In my last post I mentioned that there were two themes on my mind, one I wrote about, but the other is something I feel for me is important. Before we finally leave Tobit, there is something else in its 12th chapter that we need to consider. Amongst the many things Raphael told them, one important thing he said to them was that it was better to give alms than to treasure up gold, that almsgiving preserves from death, and it purifies from sin, and that those people who give alms will have a long life (Tobit 12:8-9). You see, I do not mean to underestimate us all, we all know that it is indeed good to give alms, we really don’t need a new person to tell us that. But something we may not have considered is ‘How good exactly is giving alms?’
You probably do see yourself as a charitable person, you give whenever you want, but have you stopped to consider those words of an angel of God about giving alms? Many times we hear calls to give, to be givers, and to give cheerfully and meaningfully. Most times those calls to give and their importance are drowned by the existing greed and corruption that characterize even religious systems that they cannot be trusted with ‘all we have’, or we also ask ourselves questions about the reason why such people who beg us for things cannot work for theirs or just forget about them entirely as we pass by. Yet we seriously pray and would pay so much to swindlers and people who promise us preservation from death, purification from sin and long life. This even includes Doctors, health systems, even traditional health givers and others, meaning that we want these things badly. But why can’t we follow this simple path to life viz giving.
St. Peter I remember also tells us the same thing about being charitable, it’s almost as if he read and took to heart this passage from Tobit 12. He tells us in 1 Peter 4:8 that Charity covers a multitude of sins. The truth is that Our Lord is so pleased with a heart that gives, that famous song ‘God loves a cheerful giver’ is indeed true. The Gospel passage from Mark 12:41-44 is a typical example. The woman who gave her all to God really attracted not only Our Lord’s attention but also his praise. The world is suffering from a lack of givers, our society is suffering from a lack of givers and an abundance of takers, this is why the person of Christ is eclipsed in our world, because he is not a Christ that takes, he is a Christ that says, ‘Take’. And he does that ultimately. St. Paul’s life as he describes was also poured out as a libation (cf. 2 Timothy 4:6).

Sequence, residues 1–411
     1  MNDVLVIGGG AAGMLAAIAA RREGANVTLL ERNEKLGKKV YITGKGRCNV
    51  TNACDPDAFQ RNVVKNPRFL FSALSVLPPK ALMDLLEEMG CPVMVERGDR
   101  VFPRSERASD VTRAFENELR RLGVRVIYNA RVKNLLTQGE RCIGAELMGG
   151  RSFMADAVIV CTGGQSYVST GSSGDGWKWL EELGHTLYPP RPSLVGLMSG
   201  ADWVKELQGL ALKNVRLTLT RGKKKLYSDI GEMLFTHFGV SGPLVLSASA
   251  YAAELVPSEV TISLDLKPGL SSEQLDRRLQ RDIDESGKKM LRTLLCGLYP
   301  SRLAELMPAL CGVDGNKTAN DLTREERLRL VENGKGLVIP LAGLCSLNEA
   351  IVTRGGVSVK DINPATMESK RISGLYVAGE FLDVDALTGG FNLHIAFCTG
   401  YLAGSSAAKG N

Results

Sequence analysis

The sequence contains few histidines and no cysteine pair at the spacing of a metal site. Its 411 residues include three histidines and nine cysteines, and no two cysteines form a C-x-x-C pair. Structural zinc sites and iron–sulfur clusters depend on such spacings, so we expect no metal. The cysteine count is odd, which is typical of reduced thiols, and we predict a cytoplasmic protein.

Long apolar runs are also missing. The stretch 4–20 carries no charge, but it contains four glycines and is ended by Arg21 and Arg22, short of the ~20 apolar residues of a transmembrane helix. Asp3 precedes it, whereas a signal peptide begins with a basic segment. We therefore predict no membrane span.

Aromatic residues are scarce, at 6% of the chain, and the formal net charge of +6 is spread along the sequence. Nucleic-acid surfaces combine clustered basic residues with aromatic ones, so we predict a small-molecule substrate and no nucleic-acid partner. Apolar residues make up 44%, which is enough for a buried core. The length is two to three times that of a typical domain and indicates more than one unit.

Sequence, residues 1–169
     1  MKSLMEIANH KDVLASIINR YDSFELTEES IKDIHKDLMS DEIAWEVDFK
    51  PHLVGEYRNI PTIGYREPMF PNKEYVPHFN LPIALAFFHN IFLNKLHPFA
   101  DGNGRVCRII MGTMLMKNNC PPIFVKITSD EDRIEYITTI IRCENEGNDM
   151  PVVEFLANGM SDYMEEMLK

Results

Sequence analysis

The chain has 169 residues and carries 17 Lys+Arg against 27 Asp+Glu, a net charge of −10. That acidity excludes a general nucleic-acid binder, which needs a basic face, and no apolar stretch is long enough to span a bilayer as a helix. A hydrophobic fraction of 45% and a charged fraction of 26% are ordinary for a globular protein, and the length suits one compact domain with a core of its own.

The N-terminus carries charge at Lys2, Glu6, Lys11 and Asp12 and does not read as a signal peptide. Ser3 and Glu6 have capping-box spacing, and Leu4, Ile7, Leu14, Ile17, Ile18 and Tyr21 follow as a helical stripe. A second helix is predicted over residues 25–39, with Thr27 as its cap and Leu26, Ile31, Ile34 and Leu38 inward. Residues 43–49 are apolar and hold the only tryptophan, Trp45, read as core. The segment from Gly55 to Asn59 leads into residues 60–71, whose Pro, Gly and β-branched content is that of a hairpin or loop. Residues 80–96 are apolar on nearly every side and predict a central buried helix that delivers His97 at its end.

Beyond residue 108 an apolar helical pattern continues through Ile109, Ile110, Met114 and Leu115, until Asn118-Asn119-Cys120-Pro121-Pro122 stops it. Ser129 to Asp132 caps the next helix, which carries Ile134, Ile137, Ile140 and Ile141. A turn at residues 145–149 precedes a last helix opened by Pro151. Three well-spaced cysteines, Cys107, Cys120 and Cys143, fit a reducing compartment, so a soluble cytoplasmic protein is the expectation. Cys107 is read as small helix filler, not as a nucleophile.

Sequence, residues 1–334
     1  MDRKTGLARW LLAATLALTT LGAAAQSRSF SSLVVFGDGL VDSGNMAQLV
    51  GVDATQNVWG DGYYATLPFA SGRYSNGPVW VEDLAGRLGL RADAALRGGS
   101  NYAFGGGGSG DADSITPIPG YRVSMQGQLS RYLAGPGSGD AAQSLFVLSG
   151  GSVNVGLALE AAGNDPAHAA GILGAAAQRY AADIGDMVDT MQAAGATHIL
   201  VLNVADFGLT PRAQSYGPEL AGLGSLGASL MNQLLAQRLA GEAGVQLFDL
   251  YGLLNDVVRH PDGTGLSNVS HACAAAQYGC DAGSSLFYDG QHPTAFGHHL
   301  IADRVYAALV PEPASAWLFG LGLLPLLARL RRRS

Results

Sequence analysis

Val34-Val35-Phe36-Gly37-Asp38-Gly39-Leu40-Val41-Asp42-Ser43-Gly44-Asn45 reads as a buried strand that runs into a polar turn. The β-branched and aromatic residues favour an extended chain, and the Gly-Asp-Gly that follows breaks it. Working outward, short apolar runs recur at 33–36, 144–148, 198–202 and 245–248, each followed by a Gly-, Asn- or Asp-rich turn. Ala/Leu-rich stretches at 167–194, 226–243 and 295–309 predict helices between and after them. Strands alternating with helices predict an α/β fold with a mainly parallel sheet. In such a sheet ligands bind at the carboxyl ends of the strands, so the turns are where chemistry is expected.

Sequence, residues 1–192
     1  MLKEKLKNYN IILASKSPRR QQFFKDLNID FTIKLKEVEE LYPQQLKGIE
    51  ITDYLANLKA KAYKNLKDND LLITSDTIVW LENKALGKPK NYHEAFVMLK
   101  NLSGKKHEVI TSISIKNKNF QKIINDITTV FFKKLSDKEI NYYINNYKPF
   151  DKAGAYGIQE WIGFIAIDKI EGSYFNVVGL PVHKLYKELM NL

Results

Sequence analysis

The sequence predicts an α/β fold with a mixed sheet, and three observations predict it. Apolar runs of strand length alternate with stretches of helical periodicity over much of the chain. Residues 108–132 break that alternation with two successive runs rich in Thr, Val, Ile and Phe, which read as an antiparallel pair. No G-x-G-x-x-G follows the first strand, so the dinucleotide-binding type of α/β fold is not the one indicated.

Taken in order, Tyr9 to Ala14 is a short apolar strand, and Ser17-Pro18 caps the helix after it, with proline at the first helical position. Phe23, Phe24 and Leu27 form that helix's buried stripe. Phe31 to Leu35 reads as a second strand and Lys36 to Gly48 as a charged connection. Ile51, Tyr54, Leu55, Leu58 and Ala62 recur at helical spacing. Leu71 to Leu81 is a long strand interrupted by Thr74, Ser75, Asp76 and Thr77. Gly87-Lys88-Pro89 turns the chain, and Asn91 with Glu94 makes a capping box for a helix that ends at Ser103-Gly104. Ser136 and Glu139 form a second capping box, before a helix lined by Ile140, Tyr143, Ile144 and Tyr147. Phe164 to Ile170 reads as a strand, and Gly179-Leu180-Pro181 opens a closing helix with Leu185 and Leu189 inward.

Far from whatever we might gain from giving, the truth remains that we were born to be gifts, our very selves, our very lives in being Christ-like should be gifts to the world, to our families, to the poor, the sick. The question we should therefore ask ourselves is, looking at my life so far, have I being a gift? Do people thank God for my existence? For that is how we become like God, the way God made us to be: free from sin and death and living eternally. We cannot become like God and yet not give because there is no such God that is separated from that supreme act of giving.
From your friend and brother: Chibuzor F. Ogamba